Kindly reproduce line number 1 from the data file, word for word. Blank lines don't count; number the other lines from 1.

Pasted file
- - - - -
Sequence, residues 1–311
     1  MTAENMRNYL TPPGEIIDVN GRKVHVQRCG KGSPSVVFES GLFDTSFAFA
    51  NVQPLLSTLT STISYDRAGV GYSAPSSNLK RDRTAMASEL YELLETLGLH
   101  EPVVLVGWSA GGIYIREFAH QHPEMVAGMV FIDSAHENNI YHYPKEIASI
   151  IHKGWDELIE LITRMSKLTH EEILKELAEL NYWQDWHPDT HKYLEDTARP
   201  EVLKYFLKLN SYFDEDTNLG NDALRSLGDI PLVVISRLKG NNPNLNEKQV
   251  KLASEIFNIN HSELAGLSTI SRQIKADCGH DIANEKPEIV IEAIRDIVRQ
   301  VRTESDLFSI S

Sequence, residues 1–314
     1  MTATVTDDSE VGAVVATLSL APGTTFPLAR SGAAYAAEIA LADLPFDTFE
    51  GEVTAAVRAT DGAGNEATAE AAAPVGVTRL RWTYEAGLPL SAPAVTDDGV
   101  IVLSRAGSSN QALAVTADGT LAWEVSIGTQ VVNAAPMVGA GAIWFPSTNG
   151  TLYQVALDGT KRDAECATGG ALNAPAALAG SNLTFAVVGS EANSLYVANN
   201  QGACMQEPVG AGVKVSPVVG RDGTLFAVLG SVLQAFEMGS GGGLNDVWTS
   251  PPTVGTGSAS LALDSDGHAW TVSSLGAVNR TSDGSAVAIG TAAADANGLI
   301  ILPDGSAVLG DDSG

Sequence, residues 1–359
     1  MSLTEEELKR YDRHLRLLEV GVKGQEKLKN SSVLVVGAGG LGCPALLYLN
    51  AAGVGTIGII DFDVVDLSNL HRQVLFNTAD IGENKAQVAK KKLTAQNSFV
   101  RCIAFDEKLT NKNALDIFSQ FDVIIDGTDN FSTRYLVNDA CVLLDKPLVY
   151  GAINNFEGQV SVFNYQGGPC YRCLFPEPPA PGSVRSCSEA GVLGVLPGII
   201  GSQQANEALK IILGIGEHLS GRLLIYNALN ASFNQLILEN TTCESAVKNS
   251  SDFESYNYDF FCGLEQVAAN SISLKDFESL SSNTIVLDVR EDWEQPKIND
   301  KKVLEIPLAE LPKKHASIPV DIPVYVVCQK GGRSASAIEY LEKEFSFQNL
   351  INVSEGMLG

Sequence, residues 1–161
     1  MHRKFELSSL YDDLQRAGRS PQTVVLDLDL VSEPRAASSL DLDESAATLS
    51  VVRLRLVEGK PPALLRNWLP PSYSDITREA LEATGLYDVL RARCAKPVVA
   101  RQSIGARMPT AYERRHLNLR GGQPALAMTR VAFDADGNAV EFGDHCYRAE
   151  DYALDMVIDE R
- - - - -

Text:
Sequence, residues 1–311